Missouri lawmakers consider implementing political party registration | News

JEFFERSON CITY — Voters in Missouri would have the option of affiliating with a political party when they register to vote under a bill being considered by House lawmakers on Wednesday.

The bill’s sponsor, Rep. Dan Stacy, R-Blue Springs, said this bill grants Missourians their First Amendment right to freedom of association.

“Have you ever heard someone in Missouri proudly proclaim, ‘I’m a registered Republican’ or ‘I’ve been a registered Democrat all my life? Well, in the state of Missouri, that’s just not true,” Stacy said.

Stacy said 32 states offer voters the option to formally affiliate with a political party.

“By implementing this affiliation process, we can help citizens exercise their freedom of expression and freedom of association by partnering with like-minded people to advance their shared values,” said Stacy.

This bill states that effective January 1, 2023, the voter registration application form will be amended to include a choice of political party affiliation.

If the bill passes, those who register to vote could choose an “established political party” to affiliate with. The options are Constitution, Democrat, Green, Libertarian, Republican, or Unaffiliated. Stacy said these are the political parties with access to the ballot in the state of Missouri.

Voters’ initial political party affiliation would be based on their choice to vote in the 2024 presidential primary or the August 2024 primary. identity of voters.

Democrats on the committee questioned why registered political affiliation was necessary.

Rep. Donna Baringer, D-St. Louis, said people already have the option of joining political parties through local committees. Speaking to Stacy, she added that young people don’t want to be ‘locked in’ to parties.

“What you’re doing is just adding more paperwork, and you’re going to push away young voters as well,” Baringer said.

Rep. Cheri Toalson Reisch, R-Hallsville and a few other committee members questioned whether the bill would restrict a voter’s ability to choose a ballot in a primary.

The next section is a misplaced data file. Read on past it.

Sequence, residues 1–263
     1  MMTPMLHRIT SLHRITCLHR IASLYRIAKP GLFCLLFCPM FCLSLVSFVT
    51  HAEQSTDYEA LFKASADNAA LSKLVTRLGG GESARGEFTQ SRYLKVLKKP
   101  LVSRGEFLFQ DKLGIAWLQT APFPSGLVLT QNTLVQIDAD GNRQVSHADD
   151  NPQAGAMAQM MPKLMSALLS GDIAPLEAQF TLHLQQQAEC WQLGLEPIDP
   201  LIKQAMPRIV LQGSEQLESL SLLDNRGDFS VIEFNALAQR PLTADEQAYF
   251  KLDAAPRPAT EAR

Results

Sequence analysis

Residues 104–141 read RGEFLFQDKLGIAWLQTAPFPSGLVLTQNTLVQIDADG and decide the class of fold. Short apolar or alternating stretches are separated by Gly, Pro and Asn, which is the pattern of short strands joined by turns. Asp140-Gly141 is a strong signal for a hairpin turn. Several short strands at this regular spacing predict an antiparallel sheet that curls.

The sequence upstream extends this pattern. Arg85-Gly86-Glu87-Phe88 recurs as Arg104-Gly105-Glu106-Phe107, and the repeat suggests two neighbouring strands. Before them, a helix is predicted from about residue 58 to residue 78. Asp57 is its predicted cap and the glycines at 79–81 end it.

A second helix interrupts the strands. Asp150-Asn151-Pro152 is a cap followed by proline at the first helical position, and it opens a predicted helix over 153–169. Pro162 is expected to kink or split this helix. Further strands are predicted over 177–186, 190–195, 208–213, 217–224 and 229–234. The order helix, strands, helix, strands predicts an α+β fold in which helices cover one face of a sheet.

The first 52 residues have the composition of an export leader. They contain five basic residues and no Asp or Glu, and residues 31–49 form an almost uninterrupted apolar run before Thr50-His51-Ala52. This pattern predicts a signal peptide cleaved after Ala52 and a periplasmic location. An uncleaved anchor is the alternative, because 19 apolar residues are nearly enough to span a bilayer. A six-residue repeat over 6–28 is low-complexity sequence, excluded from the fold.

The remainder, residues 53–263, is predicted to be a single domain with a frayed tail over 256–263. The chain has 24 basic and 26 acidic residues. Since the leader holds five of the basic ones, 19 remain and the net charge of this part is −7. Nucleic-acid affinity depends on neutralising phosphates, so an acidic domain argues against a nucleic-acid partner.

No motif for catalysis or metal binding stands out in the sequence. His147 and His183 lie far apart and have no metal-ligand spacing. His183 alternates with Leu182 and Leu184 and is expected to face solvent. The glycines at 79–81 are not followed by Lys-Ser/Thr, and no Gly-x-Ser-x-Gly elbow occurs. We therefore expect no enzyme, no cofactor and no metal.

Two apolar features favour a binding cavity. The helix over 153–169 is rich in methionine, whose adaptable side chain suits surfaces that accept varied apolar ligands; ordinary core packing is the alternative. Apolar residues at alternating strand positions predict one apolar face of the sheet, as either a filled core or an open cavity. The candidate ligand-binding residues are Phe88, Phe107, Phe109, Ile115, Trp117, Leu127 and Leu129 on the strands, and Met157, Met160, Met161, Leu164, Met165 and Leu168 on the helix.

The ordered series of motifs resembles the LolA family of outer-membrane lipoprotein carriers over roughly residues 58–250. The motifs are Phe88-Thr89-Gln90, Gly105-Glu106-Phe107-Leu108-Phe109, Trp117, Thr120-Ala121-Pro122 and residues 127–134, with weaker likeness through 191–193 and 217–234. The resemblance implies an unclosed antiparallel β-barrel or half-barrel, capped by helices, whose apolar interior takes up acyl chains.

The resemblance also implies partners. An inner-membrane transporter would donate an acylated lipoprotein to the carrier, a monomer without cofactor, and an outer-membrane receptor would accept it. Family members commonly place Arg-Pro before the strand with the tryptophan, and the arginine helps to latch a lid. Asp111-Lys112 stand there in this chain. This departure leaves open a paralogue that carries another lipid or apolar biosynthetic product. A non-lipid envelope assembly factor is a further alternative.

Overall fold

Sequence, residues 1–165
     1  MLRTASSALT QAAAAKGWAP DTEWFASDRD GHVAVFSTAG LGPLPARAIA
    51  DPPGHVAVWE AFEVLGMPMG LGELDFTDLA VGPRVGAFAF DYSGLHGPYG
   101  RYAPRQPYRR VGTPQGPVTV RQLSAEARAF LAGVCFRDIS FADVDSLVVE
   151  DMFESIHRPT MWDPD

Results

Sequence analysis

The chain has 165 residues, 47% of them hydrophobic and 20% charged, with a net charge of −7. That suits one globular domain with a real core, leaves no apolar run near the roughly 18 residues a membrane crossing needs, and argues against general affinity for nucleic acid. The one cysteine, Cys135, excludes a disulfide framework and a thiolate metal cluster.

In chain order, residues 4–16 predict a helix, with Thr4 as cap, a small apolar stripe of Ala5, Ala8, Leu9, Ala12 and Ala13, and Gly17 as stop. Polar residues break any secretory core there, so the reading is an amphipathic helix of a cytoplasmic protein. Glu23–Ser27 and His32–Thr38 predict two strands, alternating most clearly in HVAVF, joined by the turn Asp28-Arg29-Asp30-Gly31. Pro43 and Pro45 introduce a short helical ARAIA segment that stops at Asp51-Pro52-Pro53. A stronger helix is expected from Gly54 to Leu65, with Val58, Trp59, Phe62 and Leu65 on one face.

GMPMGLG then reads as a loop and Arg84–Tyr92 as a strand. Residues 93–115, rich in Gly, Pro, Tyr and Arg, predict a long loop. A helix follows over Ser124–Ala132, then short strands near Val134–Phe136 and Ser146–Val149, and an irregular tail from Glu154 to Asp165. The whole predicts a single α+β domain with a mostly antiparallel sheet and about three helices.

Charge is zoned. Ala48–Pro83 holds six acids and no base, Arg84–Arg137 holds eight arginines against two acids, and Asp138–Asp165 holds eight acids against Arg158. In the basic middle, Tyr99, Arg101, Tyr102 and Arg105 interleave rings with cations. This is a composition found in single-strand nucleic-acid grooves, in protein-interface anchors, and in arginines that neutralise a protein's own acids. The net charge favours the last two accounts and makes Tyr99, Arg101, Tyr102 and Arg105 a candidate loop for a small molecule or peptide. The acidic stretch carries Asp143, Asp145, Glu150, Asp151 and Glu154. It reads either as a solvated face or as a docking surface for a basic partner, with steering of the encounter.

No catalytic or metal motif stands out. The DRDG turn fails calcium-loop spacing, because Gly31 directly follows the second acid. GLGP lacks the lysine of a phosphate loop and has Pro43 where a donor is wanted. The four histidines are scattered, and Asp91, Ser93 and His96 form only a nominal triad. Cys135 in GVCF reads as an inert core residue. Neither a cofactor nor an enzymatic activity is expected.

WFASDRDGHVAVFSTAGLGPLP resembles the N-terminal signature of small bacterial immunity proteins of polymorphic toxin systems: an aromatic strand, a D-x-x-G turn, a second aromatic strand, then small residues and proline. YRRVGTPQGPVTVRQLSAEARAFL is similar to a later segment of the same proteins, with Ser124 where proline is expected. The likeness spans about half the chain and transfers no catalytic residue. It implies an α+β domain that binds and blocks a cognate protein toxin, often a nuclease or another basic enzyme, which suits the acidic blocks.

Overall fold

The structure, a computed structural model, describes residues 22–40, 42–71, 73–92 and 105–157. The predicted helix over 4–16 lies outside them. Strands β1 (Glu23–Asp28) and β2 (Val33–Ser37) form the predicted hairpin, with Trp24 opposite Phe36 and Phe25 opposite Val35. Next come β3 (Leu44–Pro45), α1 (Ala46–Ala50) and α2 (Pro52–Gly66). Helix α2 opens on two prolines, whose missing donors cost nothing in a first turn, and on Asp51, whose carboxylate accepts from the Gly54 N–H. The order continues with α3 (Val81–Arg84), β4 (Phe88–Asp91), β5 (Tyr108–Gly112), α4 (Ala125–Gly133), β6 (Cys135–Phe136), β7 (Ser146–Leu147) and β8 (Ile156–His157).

“Have you ever heard of individuals or groups pulling a ballot for an opposing party in an attempt to throw or skew the election where they might view it as a weaker candidate?” Reisch asked.

Stacy said this bill had no enforcement mechanism and voters would still be allowed to use any partisan ballot.

“This bill will not guarantee that this does not happen. That’s not the purpose of this bill,” Stacy said.

A voter’s party affiliation would be stored by the Secretary of State, along with other information such as name, address, and districts. The party under which an individual is registered would then be publicly available information.

Rep. David Smith, D-Columbia, expressed concern that it could lead to political profiling or workplace issues if employers can easily access a person’s political affiliation. Rep. Dan Shaul, R-Imperial, agreed, but noted that social media was just as likely to put job applicants in a political box.

Under this bill, voters can choose to be “unaffiliated,” which means they don’t register with any party. Stacy noted that this also guarantees the freedom not to associate.

Missouri residents could change the party they register with at any time. The process would be similar to processing an elector’s change of address.

According to a legislative analysis, the implementation of this bill would entail a one-time cost of $700,000. The money is needed to modify Missouri’s centralized voter registration database and “internal processing, linking data tables, sorting, searching, and reporting changes.”

The legislation would require local election authorities to notify registered voters of political party membership opportunities by August 2026.

A Platte County resident spoke in favor of the bill and an NAACP representative testified in opposition.

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